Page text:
Allie Rose, Tabi Momeyer, Sophia Jurkovich, Anne Schermerhorn, Christopher Poulios

Allie Rose, Tabi Momeyer, Sophia Jurkovich, Anne Schermerhorn, Christopher Poulios during rehearsals for Desert Stages Theatre’s first-time production of the musical “Newsies.” 

Taking stage at Desert Stages Theatre in Scottsdale Fashion Square for the first time is the musical “Newsies.”

Running through Feb. 16, the musical offers a large cast of 34 teenagers who have rehearsed for over one month — and one that director Lisa Barton-Figueroa hopes has a multi-generational appeal.

“Newsies” tells the story of Jack Kelly, a newsboy and leader of a band of teenaged Newsies, all of whom rally to strike against unfair conditions.

The musical is based on the 1992 Disney film written by Bob Tzudiker and Noni White and inspired by the real-life Newsboys Strike of 1899 in New York City.

“What’s awesome about [the musical] is it’s the original music from the movies plus some bonus songs,” said Barton-Figueroa, a southern Scottsdale resident. 

“We really are excited to feature our dancers, of course, but also give an opportunity for parents or aunts and uncles who grew up watching the movie to be able to connect with our younger generation,” she added.

A young fan of the musical just so happens to be in the cast: 15-year-old Desert Mountain High School sophomore Jack Yampolsky, who plays the role of Jack Kelly.

“’Newsies’ has been one of my favorite shows since I was 10, so it’s really a dream come true getting to perform in the show,” he said.

Jack said he relates to the character’s zeal, drive, and fearlessness. 

“I do get very passionate about causes I have strong feelings about, but there is one more characteristic of Jack that I relate most to, and it’s not my name: It’s his romantic side,” Jack said, adding:

 “Jack says a lot of risky things to whoever he’s got his eye on, and he shows no sign of hesitation.”

The vocals, on the other hand, have proved challenging for Jack.

“His vocals are quite possibly the toughest I’ve ever had to deal with, but it’s very fun getting to use the upper part of my vocal range,” he said.

“Newsies” also features its fair share of dance numbers, which was new territory — but a welcome challenge — for Barton-Figueroa.

“I am not a dancer. I never have been,” Barton-Figueroa said with a laugh. “To be able to establish these characters with these teenagers that are so dependent on using their bodies in the musical numbers has been really interesting.”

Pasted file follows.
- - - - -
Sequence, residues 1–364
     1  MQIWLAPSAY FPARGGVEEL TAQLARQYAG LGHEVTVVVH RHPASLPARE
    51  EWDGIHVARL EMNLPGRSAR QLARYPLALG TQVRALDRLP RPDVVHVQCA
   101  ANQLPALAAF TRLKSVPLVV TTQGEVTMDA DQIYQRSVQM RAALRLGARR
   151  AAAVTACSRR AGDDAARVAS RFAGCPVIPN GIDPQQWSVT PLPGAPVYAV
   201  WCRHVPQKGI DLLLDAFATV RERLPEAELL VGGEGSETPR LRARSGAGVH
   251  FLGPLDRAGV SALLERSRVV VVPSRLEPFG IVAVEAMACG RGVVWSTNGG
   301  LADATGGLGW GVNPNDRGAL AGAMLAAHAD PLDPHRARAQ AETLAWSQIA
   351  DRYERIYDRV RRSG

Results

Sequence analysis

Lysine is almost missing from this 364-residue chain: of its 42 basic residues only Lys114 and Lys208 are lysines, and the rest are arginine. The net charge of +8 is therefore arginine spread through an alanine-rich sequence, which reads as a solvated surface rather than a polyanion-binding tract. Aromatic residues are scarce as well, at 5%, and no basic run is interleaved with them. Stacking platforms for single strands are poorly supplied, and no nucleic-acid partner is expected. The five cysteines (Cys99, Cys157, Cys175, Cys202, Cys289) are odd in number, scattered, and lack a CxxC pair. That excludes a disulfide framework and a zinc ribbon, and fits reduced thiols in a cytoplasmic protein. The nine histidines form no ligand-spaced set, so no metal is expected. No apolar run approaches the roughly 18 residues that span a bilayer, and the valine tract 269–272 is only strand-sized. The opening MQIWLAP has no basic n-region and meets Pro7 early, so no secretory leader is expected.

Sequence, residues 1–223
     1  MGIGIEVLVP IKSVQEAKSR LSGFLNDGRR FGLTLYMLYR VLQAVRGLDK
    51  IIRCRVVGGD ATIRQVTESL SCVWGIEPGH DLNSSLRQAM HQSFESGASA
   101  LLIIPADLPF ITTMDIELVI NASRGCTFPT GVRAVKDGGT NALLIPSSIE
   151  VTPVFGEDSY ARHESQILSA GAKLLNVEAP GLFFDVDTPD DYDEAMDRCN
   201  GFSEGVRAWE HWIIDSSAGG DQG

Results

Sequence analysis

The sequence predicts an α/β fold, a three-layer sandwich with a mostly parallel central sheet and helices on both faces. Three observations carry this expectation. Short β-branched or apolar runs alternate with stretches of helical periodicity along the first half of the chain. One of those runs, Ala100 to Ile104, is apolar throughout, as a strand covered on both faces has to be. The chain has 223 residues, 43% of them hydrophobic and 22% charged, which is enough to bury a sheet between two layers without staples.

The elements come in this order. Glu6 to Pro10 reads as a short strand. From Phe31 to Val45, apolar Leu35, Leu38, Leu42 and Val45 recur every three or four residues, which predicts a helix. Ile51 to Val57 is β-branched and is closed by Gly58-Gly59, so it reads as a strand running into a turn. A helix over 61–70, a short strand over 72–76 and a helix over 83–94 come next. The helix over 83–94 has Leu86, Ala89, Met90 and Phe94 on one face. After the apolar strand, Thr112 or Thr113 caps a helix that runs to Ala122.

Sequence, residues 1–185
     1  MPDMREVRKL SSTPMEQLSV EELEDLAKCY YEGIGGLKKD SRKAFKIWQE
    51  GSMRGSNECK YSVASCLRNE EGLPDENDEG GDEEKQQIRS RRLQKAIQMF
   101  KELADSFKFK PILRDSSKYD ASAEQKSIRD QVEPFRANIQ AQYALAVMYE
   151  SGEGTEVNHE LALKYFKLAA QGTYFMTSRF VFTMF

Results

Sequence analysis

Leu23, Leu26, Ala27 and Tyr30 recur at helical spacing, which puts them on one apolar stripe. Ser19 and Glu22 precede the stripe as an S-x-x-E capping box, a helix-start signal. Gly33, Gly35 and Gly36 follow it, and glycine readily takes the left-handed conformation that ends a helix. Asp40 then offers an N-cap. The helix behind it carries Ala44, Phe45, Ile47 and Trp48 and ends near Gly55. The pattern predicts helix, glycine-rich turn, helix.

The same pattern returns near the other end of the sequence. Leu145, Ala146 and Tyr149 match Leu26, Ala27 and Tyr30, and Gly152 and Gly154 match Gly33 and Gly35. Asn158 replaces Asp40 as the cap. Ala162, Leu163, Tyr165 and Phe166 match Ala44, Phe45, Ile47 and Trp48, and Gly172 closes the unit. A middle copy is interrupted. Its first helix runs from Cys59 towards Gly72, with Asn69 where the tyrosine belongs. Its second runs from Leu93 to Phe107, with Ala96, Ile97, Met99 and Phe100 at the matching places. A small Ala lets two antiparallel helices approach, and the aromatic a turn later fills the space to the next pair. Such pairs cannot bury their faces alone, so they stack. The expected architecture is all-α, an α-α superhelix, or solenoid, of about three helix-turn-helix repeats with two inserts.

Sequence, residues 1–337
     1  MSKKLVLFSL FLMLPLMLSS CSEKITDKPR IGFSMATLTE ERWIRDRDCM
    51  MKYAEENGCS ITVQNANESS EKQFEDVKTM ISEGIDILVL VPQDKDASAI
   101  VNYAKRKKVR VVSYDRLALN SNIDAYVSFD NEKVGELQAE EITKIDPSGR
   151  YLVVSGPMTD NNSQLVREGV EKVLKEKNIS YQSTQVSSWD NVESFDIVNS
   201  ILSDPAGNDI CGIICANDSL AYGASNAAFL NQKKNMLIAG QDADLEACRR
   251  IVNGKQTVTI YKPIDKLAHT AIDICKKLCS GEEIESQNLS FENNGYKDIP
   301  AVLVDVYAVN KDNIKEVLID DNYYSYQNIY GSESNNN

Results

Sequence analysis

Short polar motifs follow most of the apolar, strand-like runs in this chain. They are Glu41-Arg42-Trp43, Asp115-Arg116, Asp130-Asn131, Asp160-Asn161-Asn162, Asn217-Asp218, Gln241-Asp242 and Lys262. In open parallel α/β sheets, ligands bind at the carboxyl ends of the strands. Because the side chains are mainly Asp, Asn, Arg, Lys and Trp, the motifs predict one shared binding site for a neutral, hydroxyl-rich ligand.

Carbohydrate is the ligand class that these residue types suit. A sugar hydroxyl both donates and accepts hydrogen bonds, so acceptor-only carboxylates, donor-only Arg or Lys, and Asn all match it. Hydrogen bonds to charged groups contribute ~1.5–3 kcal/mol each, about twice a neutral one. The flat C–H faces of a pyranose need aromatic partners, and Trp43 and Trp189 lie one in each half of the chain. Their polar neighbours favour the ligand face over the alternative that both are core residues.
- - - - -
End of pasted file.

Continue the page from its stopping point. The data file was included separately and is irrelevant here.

The musical was choreographed by Lynzee Foreman, who put the cast through what Barton-Figueroa called a “rigorous” dance audition.

“She’s incredible,” Barton-Figueroa said. “Lynzee put them through a two-tier dance audition: The first was regular dancing. Then, the second was tap because there’s a large tap number in the show.” 

Barton-Figueroa added that the “stage-ography,” or blocking-based movements, throughout the show tested her own dance chops, too.

“The scaffolding unit we’re using, we use it like a giant jungle gym. It was so amazing to see these teenagers on stage, up and down ladders and stairs and climbing through the scaffolding to really give the audience something visually interesting to look at as opposed to just a more classic stage,” she said.

For Barton-Figueroa, the most rewarding part of directing “Newsies” this season is watching the cast of teenagers push themselves vocally, physically, and emotionally.

“I love working with the teenage groups, specifically. Not that I don’t love the youngsters as well, but being a teenager is hard, and so they come to the theater, which is a place that they feel safe,” she said. “I have a group that loves the show, and they are so excited.”

This season is a particularly exciting one for Barton-Figueroa, too.

She is directing five shows this season — “Disney’s The Lion King Jr. and “The Addams Family,” held last fall; “Newsies”; “A Chorus Line,” running April 24 through May 10; and “Madagascar Jr,” from July 17 through Aug. 2.

All five are also shows she has never directed before.

“It’s really nice to be able to challenge myself as a director with five brand new shows with five brand new groups of people,” Barton-Figueroa said.

Since “Newsies” became available for amateur licensing through Music Theatre International in March 2018, it has become a popular musical among Valley theater groups.

Herberger Theater Center, for example, brought the musical to life on its stage in August 2018; and the Detour Theatre group, more recently, put it on in January. 

“One of the awesome things about youth theater in the Valley is that there are so many performance opportunities,” Barton-Figueroa said, adding that DST’s “Newsies” cast is comprised of about 75 percent returning actors and 25 percent new actors. 

“New people that just happen to love the show ‘Newsies’ came over to audition with us,” she added. “I think every production at every theater brings its own value. New directors, new choreographers add a little spin to the music and the story that everybody knows and loves.”

“Newsies” premiered at the Paper Mill Playhouse in 2011 and made its Broadway debut in 2012, where it played for more than 1,000 performances before touring. 

Following the end of the tour, a limited, three-day filmed theatrical release was announced for February 2017 and grossed $3.47 million.

At DST, Jack hopes “Newsies” audience members will have just as much fun watching the musical as the cast has performing it. 

“I hope when people feel that energy, they’ll be motivated to find anything, whether it’s skating or cooking or whatever sparks their interest, and have the time of their life with it,” he said.